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  Discussion Top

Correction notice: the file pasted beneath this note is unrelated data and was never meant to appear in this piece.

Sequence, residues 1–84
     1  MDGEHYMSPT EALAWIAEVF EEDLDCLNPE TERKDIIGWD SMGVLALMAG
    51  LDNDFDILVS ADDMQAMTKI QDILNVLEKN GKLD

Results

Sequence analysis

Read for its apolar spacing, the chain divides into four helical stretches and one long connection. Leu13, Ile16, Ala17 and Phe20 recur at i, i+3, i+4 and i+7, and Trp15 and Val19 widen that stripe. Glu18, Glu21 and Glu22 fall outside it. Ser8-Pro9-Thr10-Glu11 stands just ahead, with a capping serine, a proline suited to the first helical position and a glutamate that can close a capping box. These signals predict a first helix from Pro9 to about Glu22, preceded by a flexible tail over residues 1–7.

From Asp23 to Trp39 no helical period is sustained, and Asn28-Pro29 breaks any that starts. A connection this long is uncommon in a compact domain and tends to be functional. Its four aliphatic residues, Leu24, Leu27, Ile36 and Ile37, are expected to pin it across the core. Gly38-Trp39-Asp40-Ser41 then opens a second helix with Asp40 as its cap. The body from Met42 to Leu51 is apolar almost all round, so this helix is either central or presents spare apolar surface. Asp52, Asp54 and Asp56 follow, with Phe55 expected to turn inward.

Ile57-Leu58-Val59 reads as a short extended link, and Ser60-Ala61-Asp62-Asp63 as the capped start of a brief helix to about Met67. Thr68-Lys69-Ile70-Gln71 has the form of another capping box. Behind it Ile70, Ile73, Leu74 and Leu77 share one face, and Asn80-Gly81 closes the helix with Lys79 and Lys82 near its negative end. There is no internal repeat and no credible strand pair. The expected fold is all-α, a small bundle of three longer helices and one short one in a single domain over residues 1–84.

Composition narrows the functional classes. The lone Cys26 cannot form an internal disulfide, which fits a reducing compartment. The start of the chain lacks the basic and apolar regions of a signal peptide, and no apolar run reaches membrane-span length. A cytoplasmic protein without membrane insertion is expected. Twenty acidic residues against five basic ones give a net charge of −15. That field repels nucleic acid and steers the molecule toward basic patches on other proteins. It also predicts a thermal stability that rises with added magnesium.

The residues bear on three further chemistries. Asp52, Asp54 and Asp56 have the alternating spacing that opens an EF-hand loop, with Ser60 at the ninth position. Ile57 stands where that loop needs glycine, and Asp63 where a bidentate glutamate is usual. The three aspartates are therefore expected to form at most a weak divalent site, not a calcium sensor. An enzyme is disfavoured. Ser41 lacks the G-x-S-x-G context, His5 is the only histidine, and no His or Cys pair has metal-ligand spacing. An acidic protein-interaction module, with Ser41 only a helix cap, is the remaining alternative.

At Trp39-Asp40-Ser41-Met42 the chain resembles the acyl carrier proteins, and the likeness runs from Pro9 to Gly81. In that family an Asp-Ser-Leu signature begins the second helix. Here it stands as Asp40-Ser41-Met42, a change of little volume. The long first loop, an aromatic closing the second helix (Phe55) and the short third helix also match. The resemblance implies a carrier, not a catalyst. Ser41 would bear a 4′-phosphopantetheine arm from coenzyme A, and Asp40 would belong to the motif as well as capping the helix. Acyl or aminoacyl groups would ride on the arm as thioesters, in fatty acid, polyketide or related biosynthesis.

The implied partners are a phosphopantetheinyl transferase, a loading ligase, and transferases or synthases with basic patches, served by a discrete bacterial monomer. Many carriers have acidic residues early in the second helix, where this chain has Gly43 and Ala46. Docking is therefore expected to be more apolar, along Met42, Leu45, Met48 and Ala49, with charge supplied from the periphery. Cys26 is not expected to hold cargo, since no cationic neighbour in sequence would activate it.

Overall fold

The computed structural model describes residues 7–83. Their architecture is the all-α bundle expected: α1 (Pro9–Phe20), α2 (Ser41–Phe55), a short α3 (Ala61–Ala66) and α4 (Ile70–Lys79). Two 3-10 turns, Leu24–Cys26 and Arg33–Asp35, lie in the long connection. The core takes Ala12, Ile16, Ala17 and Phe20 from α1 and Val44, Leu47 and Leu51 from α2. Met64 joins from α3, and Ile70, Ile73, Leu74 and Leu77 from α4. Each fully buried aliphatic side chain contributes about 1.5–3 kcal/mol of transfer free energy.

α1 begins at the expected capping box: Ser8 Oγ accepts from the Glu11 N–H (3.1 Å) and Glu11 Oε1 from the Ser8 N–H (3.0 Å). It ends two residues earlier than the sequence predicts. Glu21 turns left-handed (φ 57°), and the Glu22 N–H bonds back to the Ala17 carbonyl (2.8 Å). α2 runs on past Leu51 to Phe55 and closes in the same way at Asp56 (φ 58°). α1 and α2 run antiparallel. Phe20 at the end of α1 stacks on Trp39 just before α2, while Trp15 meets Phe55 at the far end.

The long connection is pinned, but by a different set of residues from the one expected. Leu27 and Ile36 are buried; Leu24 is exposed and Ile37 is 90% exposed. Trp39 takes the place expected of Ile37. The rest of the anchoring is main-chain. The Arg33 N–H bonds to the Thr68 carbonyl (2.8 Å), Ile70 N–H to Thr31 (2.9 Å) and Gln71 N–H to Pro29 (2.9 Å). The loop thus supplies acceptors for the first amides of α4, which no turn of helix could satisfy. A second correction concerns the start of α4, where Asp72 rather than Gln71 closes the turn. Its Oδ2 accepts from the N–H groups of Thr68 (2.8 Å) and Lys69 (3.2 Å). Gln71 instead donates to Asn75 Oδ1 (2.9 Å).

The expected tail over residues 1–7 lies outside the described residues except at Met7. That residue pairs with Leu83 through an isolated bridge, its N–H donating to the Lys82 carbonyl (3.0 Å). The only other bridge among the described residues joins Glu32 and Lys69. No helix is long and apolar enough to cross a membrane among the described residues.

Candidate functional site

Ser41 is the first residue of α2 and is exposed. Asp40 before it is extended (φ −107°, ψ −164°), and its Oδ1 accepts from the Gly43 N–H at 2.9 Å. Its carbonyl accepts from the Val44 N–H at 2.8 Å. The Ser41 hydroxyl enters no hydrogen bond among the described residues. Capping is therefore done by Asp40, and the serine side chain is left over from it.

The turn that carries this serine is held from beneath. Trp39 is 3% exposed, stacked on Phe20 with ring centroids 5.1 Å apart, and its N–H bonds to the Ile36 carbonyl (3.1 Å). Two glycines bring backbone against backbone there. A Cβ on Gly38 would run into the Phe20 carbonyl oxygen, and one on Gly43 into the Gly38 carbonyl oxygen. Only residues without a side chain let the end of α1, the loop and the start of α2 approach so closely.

PBLs are relatively uncommon neoplasms and account for 0.04%–0.5% of all malignant neoplasms of breast. This is attributed to the scarcity of the native lymphoid tissue in the breast. They constitute about 1.7%–2.2% of all extranodal lymphomas and 0.38%–0.7% of all NHLs.[1],[2],[3],[4],[8] PBLs are heterogeneous disease. They occur almost exclusively in females and are exceedingly rare in males.[1],[7] The median age range at presentation is 60–70 years according to several series in the literature.[1],[2],[3],[4] Clinical presentation and radiological findings of PBLs are not so different from those of breast carcinoma. PBLs are usually present with palpable painless mass/masses, diffuse breast enlargement/hardening, violaceous skin over the lesion, and palpable axillary lymph nodes. However, in some cases, PBLs are diagnosed incidentally during radiologic screening for breast cancer.[1],[2],[6],[8] A recent study showed an equal incidence of PBLs in both right and left breasts.[2] Radiologic features suggestive of PBLs include a well-circumscribed mass with regular smooth outline, thin perimeter radiolucency, and diffuse breast involvement with thickening of skin.[1] Gross features of PBLs are analogous to those of breast carcinoma. Most commonly, they mimic medullary and lobular breast carcinomas.[6] Histologic features include diffuse pattern of growth with periductal/perilobular infiltration. Single file or targetoid growth pattern around lobules resemble invasive lobular carcinoma can be seen. Lymphoepithelial lesions, cells exhibit signet ring features, starry-sky pattern, high mitotic rate/proliferative index, and tumor necrosis/apoptotic bodies have been described.[6] The majority of PBLs exhibit B-cell lineage, the most frequent is DLBCL (40%–70%).[1],[2],[3],[4],[8],[9] T-cell lymphomas, whether primary or secondary, are exceptional in breast. Almost all subtypes of T-cell lymphomas have been described to involve the breast parenchyma.[6],[7] ALCL is a T-cell lymphoma that can involve the breast. It encompasses a group of heterogeneous mature T-cell lymphoid neoplasms that share morphological and immunophenotypic features, namely strong CD30 expression as well as variable loss of T-cell markers. However, they display variable clinical presentation, molecular characteristics, and prognosis.[10] It originates from activated cytotoxic T-lymphocytes. It comprises 1%–3% of all adult NHLs and shows a male predominance.[10],[11],[12] The revised fourth (2016) edition of the WHO classification of hematopoietic and lymphoid neoplasm recognizes three major types of ALCL: namely, (1) ALCL, ALK positive (ALK + ALCL); (2) ALCL, ALK negative (ALK − ALCL); and (3) breast-implant associated ALCL.[11],[13] ALCL is a systemic disease that affects lymph nodes as well as extranodal sites including skin, bone, soft tissue, lung, liver, spleen, and bone marrow.[10],[11],[12],[14] It shows an aggressive behavior with rapid progression and systemic B-symptoms. Morphologically, it shows a significant heterogeneity with a broad range of cytological features. It usually exhibits a sheet-like infiltrate of small to large-sized cells with ample eosinophilic cytoplasm and clear perinuclear zone corresponding to prominent Golgi region. Nuclei are large with open chromatin pattern and prominent nucleoli. The characteristic morphological feature that presents in all variants of ALCL is the presence of so-called “hallmark cells” which exhibit a variety of appearances including eccentric, horseshoe, or kidney-shaped nuclei depending upon the plane of sectioning through a given cell.[10],[11],[12],[14],[15] Other cell types that can be found include “doughnut cells” with central nuclear pseudoinclusions, immunoblastic cells, large pleomorphic cells that sometimes have nuclei with a “wreath-like” appearance, cells with bizarre nuclear shapes, multinucleated cells, and Reed-Sternberg cells-like cells.[15] The neoplastic cells of ALCL tend to have perivascular distribution.[10],[16] Five morphological patterns of ALCL have been recognized in the latest edition of the WHO classification, based on the cytological and the architectural features of the infiltrate. (I) The common pattern (60%–70%) is characterized by the predominance of large pleomorphic cells with admixed “hallmark cells” and “doughnut cells.” (II) The small cell pattern (5%–10%) exhibits small to medium-sized neoplastic cells with clear cytoplasm and distinct cell borders giving a “fried-egg” appearance. The nuclei are horseshoe-shaped or round. The typical “hallmark cells” are rare and tend to form perivascular rosettes. Interestingly, this pattern does not occur in ALK − ALCL.[10] (III) The lymphohistiocytic pattern (10%) shows small neoplastic cells admixed with abundant histiocytes. It is closely related to the small cell pattern as they can appear intermixed in the same tumor. (IV) The Hodgkin-like pattern (3%) with morphological features resembles those of nodular sclerosis classic Hodgkin lymphoma. (V) The composite pattern (15%) is designated when more than one pattern can be seen in the same tumor.[10],[11],[12],[14],[15] Other rare morphological patterns such as sarcomatoid, giant cell-rich, and signet-ring cell pattern are also recognized in the WHO classification.[11],[14] Pereira et al.[17] have reported a case of sarcomatoid variant of ALCL that was ALK negative and was mimicking a PB cancer. The giant cell-rich pattern is characterized by the presence of numerous multinucleated giant cells in addition to large cells with pleomorphic bizarre nuclei, cells with “wreath-like” nuclear appearance, and Reed-Sternberg cells-like cells, similar to the histological findings in our case.[15],[18] The triple-negative subtype of ALCL often exhibits cells with very large pleomorphic nuclei with occasional “wreath-like” appearance. No reported cases of ALCL, giant cell-rich pattern involving the breast, other extranodal sites, or the lymph nodes were found in the literature. Other uncommon patterns that are not recognized in the WHO classification and are described in several published case reports and reviews include alveolar growth pattern,[19] neutrophil-rich pattern,[16],[19] hypocellular form, myxoid variant, and cases with exuberant granulomatous reaction.[16] The genetic profile and the immunophenotypic features of the three types of ALCL are summarized in [Table 1].